پرخاشگری واکنشی و خودکشی : نظریه و شواهد
|کد مقاله||سال انتشار||مقاله انگلیسی||ترجمه فارسی||تعداد کلمات|
|34664||2003||صفحه PDF||سفارش دهید||محاسبه نشده|
Publisher : Elsevier - Science Direct (الزویر - ساینس دایرکت)
Journal : Aggression and Violent Behavior, Volume 8, Issue 4, July–August 2003, Pages 413–432
Aggression confers risk for suicide. However, “aggression” is a heterogeneous construct, and it is likely that subgroups of individuals with particular types of aggression are at higher risk. We postulate that a subtype of aggression, reactive aggression, underlies the link with suicide with implications for suicide risk-recognition and prevention. The theoretical rationale and empirical evidence for the role of reactive aggression in suicide is presented from the perspectives of neurobiology, psychopathology, and overt violent behavior. It is hypothesized that partner–relationship disruptions amplify risk for suicide in the near term among reactive aggressive individuals, particularly those with psychiatric disorders, and preliminary evidence in support of this hypothesis is reviewed. We also discuss being jailed as a potential precipitant of suicide in reactive aggressive individuals. Recommendations are made to advance the study of reactive aggression and suicide, including methodological innovations and a greater focus on research of women and older adults.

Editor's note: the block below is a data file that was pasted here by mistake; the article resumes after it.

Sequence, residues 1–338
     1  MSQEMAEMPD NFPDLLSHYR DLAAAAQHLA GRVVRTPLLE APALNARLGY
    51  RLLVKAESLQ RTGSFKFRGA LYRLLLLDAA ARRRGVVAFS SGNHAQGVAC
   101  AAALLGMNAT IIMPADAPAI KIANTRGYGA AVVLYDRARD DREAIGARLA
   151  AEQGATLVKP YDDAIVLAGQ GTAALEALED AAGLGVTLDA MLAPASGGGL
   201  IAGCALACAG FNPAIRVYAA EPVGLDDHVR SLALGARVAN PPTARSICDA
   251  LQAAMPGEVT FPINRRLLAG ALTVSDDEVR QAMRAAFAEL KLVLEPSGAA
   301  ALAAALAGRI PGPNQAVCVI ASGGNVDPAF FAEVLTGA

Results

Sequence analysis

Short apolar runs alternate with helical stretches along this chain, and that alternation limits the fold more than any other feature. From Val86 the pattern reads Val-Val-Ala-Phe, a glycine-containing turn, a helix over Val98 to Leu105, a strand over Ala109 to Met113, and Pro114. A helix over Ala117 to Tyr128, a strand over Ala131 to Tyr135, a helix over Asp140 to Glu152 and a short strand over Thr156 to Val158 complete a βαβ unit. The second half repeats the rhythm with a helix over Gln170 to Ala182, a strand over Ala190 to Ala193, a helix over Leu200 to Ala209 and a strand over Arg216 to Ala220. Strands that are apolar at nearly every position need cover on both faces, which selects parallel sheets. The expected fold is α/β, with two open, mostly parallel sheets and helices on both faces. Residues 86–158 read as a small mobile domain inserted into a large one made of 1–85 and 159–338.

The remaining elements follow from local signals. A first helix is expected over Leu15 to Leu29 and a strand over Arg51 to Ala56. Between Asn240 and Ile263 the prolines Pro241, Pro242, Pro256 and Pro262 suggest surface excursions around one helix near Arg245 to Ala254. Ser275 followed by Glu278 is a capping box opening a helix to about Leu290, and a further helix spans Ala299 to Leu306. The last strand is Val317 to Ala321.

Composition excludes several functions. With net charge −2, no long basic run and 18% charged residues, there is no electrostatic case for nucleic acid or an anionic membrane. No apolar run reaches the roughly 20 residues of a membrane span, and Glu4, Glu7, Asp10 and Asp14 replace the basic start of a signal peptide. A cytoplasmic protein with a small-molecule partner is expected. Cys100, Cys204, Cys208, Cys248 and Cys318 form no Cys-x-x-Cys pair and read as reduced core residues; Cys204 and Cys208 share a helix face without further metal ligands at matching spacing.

Suicide is the fourth leading cause in the United States of years of potential life lost before age 75 years (National Center for Health Statistics, 1998) and the 11th leading cause of death overall (Minino & Smith, 2000). Whereas most studies on aggression and suicidal behavior have examined attempted suicide, this review will emphasize suicide. There are important differences between suicide and attempted suicide. Suicide is much rarer than attempted suicide, and the former is executed with a higher degree of intent using more lethal means (Mos'cicki, 1999). The demography of attempted suicide and suicidal ideation versus suicide also differ markedly. In the United States, older men have the highest rates of suicide, whereas younger women are more likely to attempt suicide (Murphy, 2000). There also are important differences in diagnostic profiles of individuals completing versus attempting suicide (Brent et al., 1988). The demography, psychopathology, and methods of self-harm among individuals making medically serious suicide attempts resemble suicides more closely compared to individuals making attempts defined broadly, yet still significant differences in gender composition, diagnostic pattern, and lethality of suicidal behavior remain (Beautrais, 2001). It is therefore important to distinguish suicide from attempted suicide. Suicide prevention efforts will rely, in part, on developing effective risk-identification and intervention strategies tailored to high-risk populations (Kaplan & Harrow, 1999). It has been established that aggression, no matter how it is defined—as a psychiatric diagnosis (Duberstein & Conwell, 1997), a psychological construct (Conner, Duberstein, Conwell, Seidlitz, & Caine, 2001), or overt violent behavior (Nock & Marzuk, 2000), confers risk for suicide. Serotonin dysregulation, a potent correlate of aggressive behavior, also confers risk for suicide (Mann, Brent, & Arango, 2001). However, aggression is a heterogeneous construct (Vitiello & Stoff, 1997). Identifying the constituent dimensions of aggression that drive risk could be of significant practical value to prevention efforts. We argue in this paper that a subtype of aggression called “reactive aggression” Dodge & Coie, 1987 and Vitiello & Stoff, 1997, and characterized by a proneness to reflexive anger in the context of aversive events, particularly perceived interpersonal threat, is a key to understanding vulnerability to suicide. In addition to identifying a subgroup of aggressive individuals who potentially have increased risk for suicide, it is especially important to determine the contextual factors or circumstances that amplify or activate this risk among vulnerable individuals. It has been proposed that reactive aggression is a diathesis for suicide, with acute risk occurring in the context of psychiatric illness (Mann, Waternaux, Haas, & Malone, 1999). We suggest that adverse interpersonal events, particularly partner–relationship disruptions, provide an important context or precipitant for suicide among individuals prone to reactive aggression. Other stressful life events, e.g., arrest and being sent to jail, also may serve as a catalyst for suicide among reactive aggressive individuals